By Benjamin Davis ’26
Written in 1953, Fahrenheit 451 is a deeply insightful novel, provoking the reader to think about one’s true purpose and finding a reason to live. Set in a future dystopian city, Ray Bradbury introduces the protagonist, Guy Montag, as a content, law-abiding citizen who experiences multiple consecutive events that cause him to ponder his existence. Montag is a fireman; an ironic term, as in this culture, firemen are government-hired mercenaries tasked with widespread suppression of unfiltered thought via the burning of books. Trisected, each chapter of Fahrenheit 451 explores Montag’s increasing awareness of the masqueraded horrors surrounding him. Despite being released over half a century ago, Bradbury’s acclaimed opus remains critically pertinent today due to its relevance in our current political climate, where literature and free speech are heavily censored throughout the nation.
Soon after the story commences, a young woman named Clarisse moves into the house adjacent to Montag’s. Though initially presented as odd and eccentric, the newcomer has developed a connection with her worldly environment that most others cannot achieve. Upon seeing Clarisse’s euphoric clarity, a strength that punctures the suffocating totalitarian veil, Montag realizes that a life worth living requires one to be in touch with their surroundings – a contrast to the jaded, illusory nature of a society prioritizing television over all else. The fireman’s novel gaiety is short-lived; however, tragedy strikes, and heightening paranoia begins to affect him. As traumatizing affairs trigger a paradigm shift in the self-made pariah, Montag begins to steal the very books that he has been hired to destroy.
While freedom of opinion and subsequent expression is a central American tenet, censorship is a ubiquitous fog that permeates every aspect of our civilization on either extreme of our political binary. Bradbury was inspired to write Fahrenheit 451 after the horrific burnings of countless volumes in Nazi Germany; but both Democrats and Republicans have their own more covert, subtle means of achieving the same result as Hitler’s radical regime. On the left, cancel culture is a controversial but effective method of ostracization that limits well-known figures from voicing their stances on many issues; on the right, numerous works have been banned from schools, causing students to miss out on important historical lessons and modern problems. Even though the United States is advertised as a country that prioritizes the people, the government has a surreptitious clamp on the public mentality.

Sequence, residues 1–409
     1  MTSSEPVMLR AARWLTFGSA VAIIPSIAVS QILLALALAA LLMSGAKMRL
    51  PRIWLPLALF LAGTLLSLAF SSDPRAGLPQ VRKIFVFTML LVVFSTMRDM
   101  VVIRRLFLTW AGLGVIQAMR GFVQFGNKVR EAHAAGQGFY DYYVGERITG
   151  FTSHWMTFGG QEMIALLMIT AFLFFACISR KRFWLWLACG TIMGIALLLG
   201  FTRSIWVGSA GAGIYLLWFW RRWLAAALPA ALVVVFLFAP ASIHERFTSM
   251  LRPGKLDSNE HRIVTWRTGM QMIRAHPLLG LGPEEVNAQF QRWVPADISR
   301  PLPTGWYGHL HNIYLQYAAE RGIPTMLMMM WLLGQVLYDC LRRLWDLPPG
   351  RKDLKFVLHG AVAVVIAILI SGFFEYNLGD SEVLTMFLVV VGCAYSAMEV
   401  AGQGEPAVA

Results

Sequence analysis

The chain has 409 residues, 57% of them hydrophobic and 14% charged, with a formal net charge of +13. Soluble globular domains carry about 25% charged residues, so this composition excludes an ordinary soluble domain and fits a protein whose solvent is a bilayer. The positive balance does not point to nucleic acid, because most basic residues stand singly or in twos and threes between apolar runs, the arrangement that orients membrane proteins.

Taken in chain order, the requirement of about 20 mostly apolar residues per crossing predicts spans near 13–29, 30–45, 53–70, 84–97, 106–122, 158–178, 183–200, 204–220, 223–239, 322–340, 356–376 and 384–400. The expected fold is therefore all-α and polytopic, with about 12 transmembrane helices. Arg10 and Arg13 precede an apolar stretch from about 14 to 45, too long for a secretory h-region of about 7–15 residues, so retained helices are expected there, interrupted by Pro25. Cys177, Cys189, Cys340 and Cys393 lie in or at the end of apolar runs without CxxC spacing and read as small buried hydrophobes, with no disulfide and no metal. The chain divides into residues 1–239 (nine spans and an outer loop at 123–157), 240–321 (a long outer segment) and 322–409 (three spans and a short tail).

Regardless of its fictional status, Fahrenheit 451 speaks volumes about present reality, continuously misinformed and smothered behind the veneer of a first-world utopia. It cites the sheer merit of knowledge’s pursuit, and how an uneducated society is a numb society. As tech and industry evolve, the general need for learning is gradually diminished, and the uncannily applicable tale strongly warns against taking an unambitiously passive approach to life. Bradbury thought that a sense of connection with nature, of hereness, is the greatest value one can have. As he concludes Fahrenheit 451, he writes, “[Montag] stood breathing, and the more he breathed the land in, the more he was filled up with all the details of the land. He was not empty. There was more than enough here to fill him. There would always be more than enough.”